When should I start planning my estate?

It’s never too early to start planning your estate. In fact, if you have a family or other loved ones who depend on you, you should act as soon as possible to make sure you are prepared to protect them if anything happens to you.

To help you plan for the future, consider the following questions:

Do I make enough money to make estate planning worth it?

“Anyone who has a penny to his or her name, children or might even be coming into money in the future, needs to have the basic estate planning documents,” warned trusts and estates attorney Avi Kestenbaum in a recent interview with Fox Business News.

While estate planning was once all about minimizing taxes while passing money from one generation to the next, it now includes making your money stretch into an increasingly lengthy retirement. It’s important to identity your assets and understand their value in order to pass them down or, if needed, live off of them.

Is it a good idea to discuss my estate planning with friends and family?

While discussing your finances is a personal decision, many experts recommend having the “what if” conversation with loved ones.

“We find that the best transitions and financial transfers happen when all family members are involved in the decision-making,” John Sweeney, executive vice president of retirement and investing strategies at Fidelity Investments, writes for U.S. News. “This way, after a loved one is gone, no one is squabbling over a couch or going, ‘Why did person A get more than person B?’ If wishes are laid out clearly while the individual is living, they can share the rationale behind the decisions.”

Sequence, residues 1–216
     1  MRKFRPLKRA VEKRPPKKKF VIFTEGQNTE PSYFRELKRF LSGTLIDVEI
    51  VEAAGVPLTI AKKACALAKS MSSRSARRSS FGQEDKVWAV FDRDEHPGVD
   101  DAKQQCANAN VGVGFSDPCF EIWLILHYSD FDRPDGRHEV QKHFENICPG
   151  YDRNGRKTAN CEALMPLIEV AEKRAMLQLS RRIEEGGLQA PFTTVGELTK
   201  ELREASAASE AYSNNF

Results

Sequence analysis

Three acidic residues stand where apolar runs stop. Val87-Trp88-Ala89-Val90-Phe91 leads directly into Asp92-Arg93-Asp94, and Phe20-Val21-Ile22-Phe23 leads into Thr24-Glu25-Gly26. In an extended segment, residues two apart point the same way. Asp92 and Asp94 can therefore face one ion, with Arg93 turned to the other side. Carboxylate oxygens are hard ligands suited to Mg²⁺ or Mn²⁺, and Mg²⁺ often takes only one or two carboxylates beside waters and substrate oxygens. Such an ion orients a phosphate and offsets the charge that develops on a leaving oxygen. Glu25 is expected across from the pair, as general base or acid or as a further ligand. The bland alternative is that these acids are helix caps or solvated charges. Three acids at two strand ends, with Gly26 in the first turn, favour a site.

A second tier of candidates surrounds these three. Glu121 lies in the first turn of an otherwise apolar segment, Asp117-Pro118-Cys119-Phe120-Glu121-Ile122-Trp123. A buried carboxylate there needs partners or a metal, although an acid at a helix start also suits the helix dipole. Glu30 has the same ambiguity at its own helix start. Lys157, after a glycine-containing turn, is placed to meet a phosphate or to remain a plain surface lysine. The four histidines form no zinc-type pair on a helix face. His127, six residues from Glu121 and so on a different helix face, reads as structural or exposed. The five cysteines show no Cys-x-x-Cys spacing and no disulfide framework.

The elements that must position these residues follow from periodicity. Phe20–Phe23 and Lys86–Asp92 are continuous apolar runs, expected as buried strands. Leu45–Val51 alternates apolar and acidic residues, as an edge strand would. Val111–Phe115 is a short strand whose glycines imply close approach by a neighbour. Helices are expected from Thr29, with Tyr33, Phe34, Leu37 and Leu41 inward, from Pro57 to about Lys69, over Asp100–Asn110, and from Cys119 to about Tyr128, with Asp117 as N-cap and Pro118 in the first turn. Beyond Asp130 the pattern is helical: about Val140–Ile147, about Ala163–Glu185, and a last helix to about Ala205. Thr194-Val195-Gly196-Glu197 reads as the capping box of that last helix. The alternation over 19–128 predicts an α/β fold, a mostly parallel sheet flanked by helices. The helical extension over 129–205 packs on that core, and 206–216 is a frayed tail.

Should I add my child(ren) to my bank account or home?

While this may seem like a good idea because of its convenience, adding your child to your accounts can create a lot of problems. For example, in the case of a divorce, if someone is applying for financial aid or if there is a lawsuit, the joint owner must report these assets. Instead, consider giving your child power of attorney, allowing them to make decisions on your behalf.

How often should I review my estate?

It’s important to review your plan regularly and certainly after any major life changes. These include an update in marital status, an addition to your family (birth, adoption, stepchildren) or if there has been a change in your income or value of assets. The American Institute of Certified Public Accountants recommends thoroughly revisiting your plans at least once every five years to keep your estate in line with the economy and tax changes.


If you’re ready to plan your estate, a Northwest Trust Services is here to guide you through the process. Contact us today.